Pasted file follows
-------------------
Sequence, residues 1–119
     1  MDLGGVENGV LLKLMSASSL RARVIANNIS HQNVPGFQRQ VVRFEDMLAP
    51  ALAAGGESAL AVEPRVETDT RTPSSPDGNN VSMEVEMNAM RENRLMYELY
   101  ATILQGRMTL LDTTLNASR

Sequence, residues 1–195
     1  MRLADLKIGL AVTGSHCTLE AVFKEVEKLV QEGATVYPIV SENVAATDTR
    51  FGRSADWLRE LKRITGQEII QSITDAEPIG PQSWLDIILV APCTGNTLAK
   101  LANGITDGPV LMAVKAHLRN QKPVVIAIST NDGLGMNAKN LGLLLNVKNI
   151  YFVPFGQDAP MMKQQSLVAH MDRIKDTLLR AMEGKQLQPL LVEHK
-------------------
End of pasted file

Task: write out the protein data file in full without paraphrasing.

Sequence, residues 1–119
     1  MDLGGVENGV LLKLMSASSL RARVIANNIS HQNVPGFQRQ VVRFEDMLAP
    51  ALAAGGESAL AVEPRVETDT RTPSSPDGNN VSMEVEMNAM RENRLMYELY
   101  ATILQGRMTL LDTTLNASR

Sequence, residues 1–195
     1  MRLADLKIGL AVTGSHCTLE AVFKEVEKLV QEGATVYPIV SENVAATDTR
    51  FGRSADWLRE LKRITGQEII QSITDAEPIG PQSWLDIILV APCTGNTLAK
   101  LANGITDGPV LMAVKAHLRN QKPVVIAIST NDGLGMNAKN LGLLLNVKNI
   151  YFVPFGQDAP MMKQQSLVAH MDRIKDTLLR AMEGKQLQPL LVEHK